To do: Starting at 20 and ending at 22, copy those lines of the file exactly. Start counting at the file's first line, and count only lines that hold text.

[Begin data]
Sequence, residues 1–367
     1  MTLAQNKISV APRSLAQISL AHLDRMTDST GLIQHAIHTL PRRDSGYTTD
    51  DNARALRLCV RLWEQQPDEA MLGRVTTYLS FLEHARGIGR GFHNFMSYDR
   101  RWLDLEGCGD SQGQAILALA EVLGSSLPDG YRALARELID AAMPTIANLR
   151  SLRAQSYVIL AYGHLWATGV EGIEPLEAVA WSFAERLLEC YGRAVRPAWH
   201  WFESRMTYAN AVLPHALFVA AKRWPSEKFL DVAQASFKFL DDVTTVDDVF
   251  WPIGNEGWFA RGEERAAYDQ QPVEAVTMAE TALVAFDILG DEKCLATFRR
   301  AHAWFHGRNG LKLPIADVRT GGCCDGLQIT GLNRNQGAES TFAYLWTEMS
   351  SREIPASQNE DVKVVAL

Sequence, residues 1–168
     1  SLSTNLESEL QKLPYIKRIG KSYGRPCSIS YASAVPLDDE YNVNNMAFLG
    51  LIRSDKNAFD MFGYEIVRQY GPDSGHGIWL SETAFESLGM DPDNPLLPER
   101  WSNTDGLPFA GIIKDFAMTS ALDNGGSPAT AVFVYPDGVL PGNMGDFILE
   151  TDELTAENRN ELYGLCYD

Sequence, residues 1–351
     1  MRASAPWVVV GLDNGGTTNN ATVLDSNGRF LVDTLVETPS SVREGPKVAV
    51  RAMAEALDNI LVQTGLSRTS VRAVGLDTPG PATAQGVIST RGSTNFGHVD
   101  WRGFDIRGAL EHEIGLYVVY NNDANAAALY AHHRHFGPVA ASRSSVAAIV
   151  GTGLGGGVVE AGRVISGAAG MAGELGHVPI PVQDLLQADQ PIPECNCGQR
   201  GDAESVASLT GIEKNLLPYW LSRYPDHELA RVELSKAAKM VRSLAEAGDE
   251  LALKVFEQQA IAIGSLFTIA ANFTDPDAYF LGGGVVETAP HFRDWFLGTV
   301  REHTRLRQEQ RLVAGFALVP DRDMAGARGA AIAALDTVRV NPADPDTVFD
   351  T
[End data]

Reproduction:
   201  GDAESVASLT GIEKNLLPYW LSRYPDHELA RVELSKAAKM VRSLAEAGDE
   251  LALKVFEQQA IAIGSLFTIA ANFTDPDAYF LGGGVVETAP HFRDWFLGTV
   301  REHTRLRQEQ RLVAGFALVP DRDMAGARGA AIAALDTVRV NPADPDTVFD